FURIOUS anti-household charge protesters forced Environment Minister Phil Hogan to seek refuge in a cathedral.
The angry group had turned up for the minister's planned launch of Carlow County Museum.
Mr Hogan, who is TD for the Carlow/Kilkenny constituency, was due to make an open-air speech, but instead retreated to the cathedral yesterday evening as the group of up to 150 demonstrators heckled and shouted abuse.
During his speech in the church, the minister made reference to the demonstrators, saying "its great to see so many people can't get in".
Afterwards the protesters hurled abuse at Mr Hogan as he was being driven away following his official engagement.
One man who was part of the demonstration said: "We came up here from Wexford. We will go anywhere. I'm not paying, I'll go to jail for this."
In his address the minister said he respected people's right to protest but people should also respect that in a democratic society "I have a right to speak as well".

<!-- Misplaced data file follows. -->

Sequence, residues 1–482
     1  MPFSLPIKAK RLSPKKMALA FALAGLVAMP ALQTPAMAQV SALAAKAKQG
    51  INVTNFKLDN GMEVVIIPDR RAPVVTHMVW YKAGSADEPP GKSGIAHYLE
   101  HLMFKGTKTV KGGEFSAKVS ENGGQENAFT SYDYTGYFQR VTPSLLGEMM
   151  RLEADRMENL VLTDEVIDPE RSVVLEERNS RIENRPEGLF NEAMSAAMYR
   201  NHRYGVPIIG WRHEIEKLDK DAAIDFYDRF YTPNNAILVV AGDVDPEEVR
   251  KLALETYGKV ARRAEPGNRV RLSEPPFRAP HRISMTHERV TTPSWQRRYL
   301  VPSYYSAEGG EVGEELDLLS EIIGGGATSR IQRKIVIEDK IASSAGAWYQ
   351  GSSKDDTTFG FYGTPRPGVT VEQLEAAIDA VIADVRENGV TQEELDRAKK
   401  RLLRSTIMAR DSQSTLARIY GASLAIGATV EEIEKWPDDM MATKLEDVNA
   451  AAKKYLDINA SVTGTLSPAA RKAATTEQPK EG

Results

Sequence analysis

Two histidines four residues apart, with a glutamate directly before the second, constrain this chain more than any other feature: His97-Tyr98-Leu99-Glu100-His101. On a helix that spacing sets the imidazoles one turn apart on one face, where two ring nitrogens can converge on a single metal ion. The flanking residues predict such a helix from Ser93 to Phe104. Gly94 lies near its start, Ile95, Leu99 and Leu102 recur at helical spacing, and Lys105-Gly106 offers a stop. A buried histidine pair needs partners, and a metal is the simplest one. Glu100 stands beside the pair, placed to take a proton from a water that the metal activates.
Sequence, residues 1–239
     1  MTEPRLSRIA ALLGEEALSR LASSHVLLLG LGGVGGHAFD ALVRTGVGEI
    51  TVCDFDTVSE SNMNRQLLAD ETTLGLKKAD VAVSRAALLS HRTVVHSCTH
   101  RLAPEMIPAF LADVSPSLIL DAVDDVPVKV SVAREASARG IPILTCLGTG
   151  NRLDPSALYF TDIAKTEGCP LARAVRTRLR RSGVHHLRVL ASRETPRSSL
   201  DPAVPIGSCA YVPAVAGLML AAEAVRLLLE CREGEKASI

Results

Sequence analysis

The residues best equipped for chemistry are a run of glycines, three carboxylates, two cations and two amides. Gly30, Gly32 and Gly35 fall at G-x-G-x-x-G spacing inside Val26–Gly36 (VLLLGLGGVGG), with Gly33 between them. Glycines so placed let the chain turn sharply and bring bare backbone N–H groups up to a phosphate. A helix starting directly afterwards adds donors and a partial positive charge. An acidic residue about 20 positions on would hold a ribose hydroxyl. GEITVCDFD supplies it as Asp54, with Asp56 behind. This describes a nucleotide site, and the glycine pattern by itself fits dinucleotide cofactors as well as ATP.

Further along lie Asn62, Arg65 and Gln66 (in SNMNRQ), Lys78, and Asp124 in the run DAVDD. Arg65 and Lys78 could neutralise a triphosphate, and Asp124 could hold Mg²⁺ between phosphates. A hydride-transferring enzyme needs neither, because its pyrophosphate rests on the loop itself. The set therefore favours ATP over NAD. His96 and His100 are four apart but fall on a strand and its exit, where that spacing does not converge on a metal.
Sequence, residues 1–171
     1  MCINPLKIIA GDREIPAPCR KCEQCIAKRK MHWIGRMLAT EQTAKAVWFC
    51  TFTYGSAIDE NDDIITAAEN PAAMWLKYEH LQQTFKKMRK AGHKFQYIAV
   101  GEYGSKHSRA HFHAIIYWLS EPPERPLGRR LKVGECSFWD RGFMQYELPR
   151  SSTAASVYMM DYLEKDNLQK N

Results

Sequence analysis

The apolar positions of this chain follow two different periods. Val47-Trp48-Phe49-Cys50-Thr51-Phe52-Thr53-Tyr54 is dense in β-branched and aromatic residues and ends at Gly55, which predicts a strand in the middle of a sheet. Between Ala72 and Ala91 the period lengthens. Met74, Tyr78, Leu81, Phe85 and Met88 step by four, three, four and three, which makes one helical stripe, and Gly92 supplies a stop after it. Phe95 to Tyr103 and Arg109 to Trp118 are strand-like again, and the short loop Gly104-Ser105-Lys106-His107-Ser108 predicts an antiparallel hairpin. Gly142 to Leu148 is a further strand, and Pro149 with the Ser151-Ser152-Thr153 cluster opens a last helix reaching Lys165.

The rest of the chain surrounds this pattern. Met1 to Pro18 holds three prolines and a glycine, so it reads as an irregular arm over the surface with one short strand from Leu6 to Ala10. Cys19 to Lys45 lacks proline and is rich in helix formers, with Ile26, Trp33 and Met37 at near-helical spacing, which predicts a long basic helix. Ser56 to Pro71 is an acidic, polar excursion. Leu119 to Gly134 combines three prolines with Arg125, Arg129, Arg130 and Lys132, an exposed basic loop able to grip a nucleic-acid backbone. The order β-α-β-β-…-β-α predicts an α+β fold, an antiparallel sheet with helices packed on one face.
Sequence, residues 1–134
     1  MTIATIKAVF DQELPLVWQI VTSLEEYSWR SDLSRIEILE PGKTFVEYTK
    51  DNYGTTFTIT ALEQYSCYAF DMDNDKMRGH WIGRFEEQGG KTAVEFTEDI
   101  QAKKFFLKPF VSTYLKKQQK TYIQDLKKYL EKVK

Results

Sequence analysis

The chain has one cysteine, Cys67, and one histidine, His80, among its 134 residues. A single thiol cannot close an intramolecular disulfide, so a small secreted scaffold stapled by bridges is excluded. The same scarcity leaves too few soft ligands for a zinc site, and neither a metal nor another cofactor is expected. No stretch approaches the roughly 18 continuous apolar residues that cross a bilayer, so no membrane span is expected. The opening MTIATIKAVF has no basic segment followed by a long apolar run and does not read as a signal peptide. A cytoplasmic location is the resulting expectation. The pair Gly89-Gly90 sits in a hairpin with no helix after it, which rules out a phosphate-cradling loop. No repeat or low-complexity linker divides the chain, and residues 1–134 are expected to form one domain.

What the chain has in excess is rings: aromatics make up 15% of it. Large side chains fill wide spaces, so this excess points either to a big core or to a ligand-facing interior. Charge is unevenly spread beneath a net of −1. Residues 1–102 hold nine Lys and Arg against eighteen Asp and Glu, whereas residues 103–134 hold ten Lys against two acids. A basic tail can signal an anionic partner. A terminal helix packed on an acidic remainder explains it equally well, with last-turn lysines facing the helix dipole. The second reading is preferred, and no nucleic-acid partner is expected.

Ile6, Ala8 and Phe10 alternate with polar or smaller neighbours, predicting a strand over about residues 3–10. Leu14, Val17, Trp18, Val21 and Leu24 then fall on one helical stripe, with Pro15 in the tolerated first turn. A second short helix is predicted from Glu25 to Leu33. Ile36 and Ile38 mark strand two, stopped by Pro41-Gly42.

"We are in a deep difficult situation as a country. We don't shout about it, we do something about it."
Mr Hogan said he understood "better than anybody" that people were under pressure but pointed out that the Government was "asking people to make a modest contribution" so that taxes would not have to be increased in future budgets.
One local man was escorted out of the cathedral by gardai when be began to heckle the minister's speech.
The Local Government Management Agency estimates that about 890,200 people have registered for the household charge.
This figure includes an estimated 241,400 registration forms still to be counted in postal bags in local authority offices and properties that have registered for waivers.